We may consider this war to have fairly begun on the 8th of February, 1861, when the Southern Confederacy-consisting of the seven States which had formally seceded from the Union—was formally inaugurated. All that had before been done was the isolated action of disaffected individuals and local com

* This, and the succeeding extract, were written early in 1863.

munities. From that moment these individuals and communities became formidable by the league into which they had entered, and by the further accessions upon which they might reasonably count. The die was cast when the Confederacy was formed. All previous steps might have been retraced ; now, nothing was left but to submit the question to the arbitrament of strength, and to abide the consequences.History of the Great Rebellion.

THE CONFEDERACY AND THE UNION.

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The eleven States of which the Confederacy finally consisted had a white population of five and a half million, leaving twenty-one and a half millions in the Union. But it was confidently believed at the Southand for a time feared at the North—that Kentucky, Maryland, and Missouri would join the other slaveholding States. This would bring the white population of the Confederacy up to eight millions, leaving nineteen millions to the Union. These anticipations and apprehensions have not been realized, although the Confederates have received much support from individuals in these States, and Kentucky and Missouri have been formally admitted as members of the Confederacy, and are represented in its Congress.

But besides their free population, the Confederate States contained three and a half millions of slaves ; and there was room for a wide difference of opinion as to the influence of this class upon the military resources of the Confederacy.

The North believed that the slaves, instead of adding strength to the Confederacy, were an element of positive weakness. Not only, said they, is society so constituted that from more than three-eighths of the able-bodied population, not a soldier can be raised for the army or a dollar for the treasury, but they are, from their very condition, so hostile to their másters, that a large portion of the whites must remain at home to keep the blacks in subjection. The march of a Union army into the South will be the signal for a general servile uprising

The South denied all this. They affirmed that their domestic institution gave them power, as a military na. tion, altogether beyond their mere population. In every State, they said, there must be men who rule, and, if need be, fight; and others who hold the place of servants and laborers. Everywhere else in the civilized world these two classes merge into each other so gradually that no one can draw the line between them. With us the line is clear and palpable. Every black man knows that he is a laborer, and can never be anything else ; he is to work, not to vote or hold office. Every white man feels that he is a ruler to-day, and may be a soldier to-morrow. Under our institutions so completely is the ordinary labor of life performed by the slaves, that every able-bodied white man could take the field at a week's notice, and everything would go on as before. Try this at the North : take three-fifths of your men of military age from their farms and their workshops, and everything would come to a stand-still in a month. There is no danger of an uprising of the slaves. If they were disposed to rise, they have no means of arming themselves, or of acting in concert. Besides, they have no disposition to rise. They have been for generations so trained to obedience, that the women, the old men and boys, who cannot take the field, will be amply able to keep them in subjection.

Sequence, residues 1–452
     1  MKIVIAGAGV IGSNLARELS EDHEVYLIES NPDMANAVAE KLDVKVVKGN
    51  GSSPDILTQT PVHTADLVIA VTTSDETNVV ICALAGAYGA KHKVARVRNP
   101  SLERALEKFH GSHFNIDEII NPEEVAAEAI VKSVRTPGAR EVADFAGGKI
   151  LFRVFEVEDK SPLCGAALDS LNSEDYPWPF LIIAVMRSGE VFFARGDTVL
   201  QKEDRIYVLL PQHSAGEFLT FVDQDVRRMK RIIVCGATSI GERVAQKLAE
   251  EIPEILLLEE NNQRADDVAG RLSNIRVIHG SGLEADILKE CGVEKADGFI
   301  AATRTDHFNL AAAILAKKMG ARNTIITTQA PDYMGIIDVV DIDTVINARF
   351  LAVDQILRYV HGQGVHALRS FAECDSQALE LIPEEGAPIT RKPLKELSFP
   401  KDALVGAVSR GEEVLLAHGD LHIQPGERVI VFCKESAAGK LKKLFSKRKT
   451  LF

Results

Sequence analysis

There was something of truth in both these representations. For a short war, to be waged abroad, or even upon the frontiers of the country, slavery, as the event proved, undoubtedly gave great facilities for raising and equipping an army. There is probably no other nation of eight millions who could raise from nothing the armies which the Confederacy has brought into and maintained in the field. The habits of the people furnished the basis for a military organization. The population was almost entirely rural. New Orleans was indeed a great city, with a population of 170,000 ; there were three or four other cities with a population of from 20,ooo to 50,000 ; beyond these there was hardly a town with more than 5,000 inhabitants. Of the rural population, every man had a gun, most of them a horse ; and there were few who were not to a good degree expert